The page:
CAHWT – inspiring people to demand participatory democracy


At a public meeting of the Campaign Against Home and Water Taxes (CAHWT) in Kildare last month, a query was raised from a woman anxious about the upcoming local elections. She explained her complete frustration with the austerity policies of the Fine Gael-Labour Government, and described her despair at not having the power to challenge policies that were ravaging her community, stating there “really is no one legitimate left to vote for.”

I think her anger with the Government, and the despondency the austerity policies, such as the property tax legislation, elicits from working class people in Ireland and across Europe, can be instructive for all those of us who wish to resist these policies. It is a realisation that the ruling class has kept the majority of us from questioning the inequality of a system where we are threatened into paying heavy taxes for which we get almost nothing in return – the insanity of paying more and more, whilst getting less and less.


However, being angry with elected representatives is not enough. Simply threatening to vote for yet another party will not pose the sort of significant challenge necessary to reject austerity and its roots in neoliberal, transnational capitalism - a system that has proven time and again to ignore the votes and democratic decisions of communities across Europe.

American trade unionist and philosopher Rick Roderick has said, “Once capitalism invades the whole of life, then struggle involves the whole of life.” It is easy to see the numerous ways in which austerity is ravaging our community, from the property tax legislation and water charges, to cuts to social welfare and wages of public sector workers. It isn’t always easy to see how to resist, especially when we have been told that the centre of gravity of our political participation is found in the ballot box.

The example of what this Fine Gael/Labour government has done should be enough to confirm to us not only that voting is entirely inadequate (at best) as a way of changing our society, but also that a sort of political participation that is participatory and empowering, where we feel we can have power over the decisions that effect our lives, is a far more meaningful democracy.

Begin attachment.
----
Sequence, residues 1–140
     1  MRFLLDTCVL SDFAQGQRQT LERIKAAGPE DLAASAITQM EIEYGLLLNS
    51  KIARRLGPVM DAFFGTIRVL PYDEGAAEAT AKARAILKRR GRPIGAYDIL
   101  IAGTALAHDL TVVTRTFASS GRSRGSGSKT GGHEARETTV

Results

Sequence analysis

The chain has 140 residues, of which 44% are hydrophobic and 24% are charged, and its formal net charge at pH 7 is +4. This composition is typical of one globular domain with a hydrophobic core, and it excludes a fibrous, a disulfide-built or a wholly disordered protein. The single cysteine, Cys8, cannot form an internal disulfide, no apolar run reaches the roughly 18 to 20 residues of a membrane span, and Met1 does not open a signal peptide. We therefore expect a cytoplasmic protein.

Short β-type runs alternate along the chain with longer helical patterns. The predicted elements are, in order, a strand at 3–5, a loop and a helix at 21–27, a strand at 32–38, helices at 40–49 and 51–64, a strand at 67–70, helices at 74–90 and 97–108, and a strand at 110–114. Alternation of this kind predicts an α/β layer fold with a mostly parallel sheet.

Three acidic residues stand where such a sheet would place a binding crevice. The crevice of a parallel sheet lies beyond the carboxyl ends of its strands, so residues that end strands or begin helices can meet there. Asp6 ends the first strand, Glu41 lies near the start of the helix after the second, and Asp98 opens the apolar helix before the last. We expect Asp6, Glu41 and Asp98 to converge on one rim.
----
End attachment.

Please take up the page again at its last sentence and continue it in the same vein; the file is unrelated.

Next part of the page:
I think that our anger at the present policies can make us feel quite alienated from politics because we begin to feel that so many of the conditions of our existence are not under our control, and the possibilities we imagine for changing that situation feel a lot more distant. I think representational democracy exploits the separation between those of us whose capacity to have power over our own lives has been stolen from us, and those in control of these processes who benefit from this separation by accumulation either of power or wealth – or both! We begin to feel like we are spectators on our own lives, and our ability to imagine other possibilities diminishes until we get to the same desperate state of that woman from Kildare who knew there had to be more to democracy than choosing between party A or B.

That is why I felt I needed to not only be critical, but to mobilize my frustration into action, and why I got involved with the CAHWT. For me the campaign represents the possibility to profitably reset my political compass, and that of our country, to not only boycott the property taxes and water charges, but to demand a more meaningful and accountable democracy.


The grassroots nature of the campaign, and the democratic structures it has in place - where any person from a local area can put forward ideas and help make decisions that will be implemented nationally - is a small example of the sort of participatory democracy I would like to see in other spheres of my life – my workplace, my university, and my neighborhood.  Don’t get me wrong, debating things out with people who may have quite different ideas of what to do hasn’t been easy, but it has forced me to see issues more complexly through the eyes of lots of different people, and seek compromise and imaginative possibilities that are never presented in traditional “winner” and “looser” sort of electoral democracy.

Participatory democracy also makes me accountable to my local community, whether it’s simply showing up at a meeting every week or making sure to accomplish the tasks I’ve been given the responsibility for.

I think CAHWT has the potential to inspire significant resistance in this country not only through boycott of the property tax, but through strikes, walk outs, occupations and other forms of protest. And I think we can only win by way of the meaningful involvement of the broadest layer of activists, who feel ownership not only over the campaign, but more and more, over their own lives. I see the possibility that this campaign can inspire people to demand the same participatory democracy in their unions, in their schools, in their workplaces and local communities. 

WORDS: Farah

This article is from
Workers Solidarity 129, April May 2013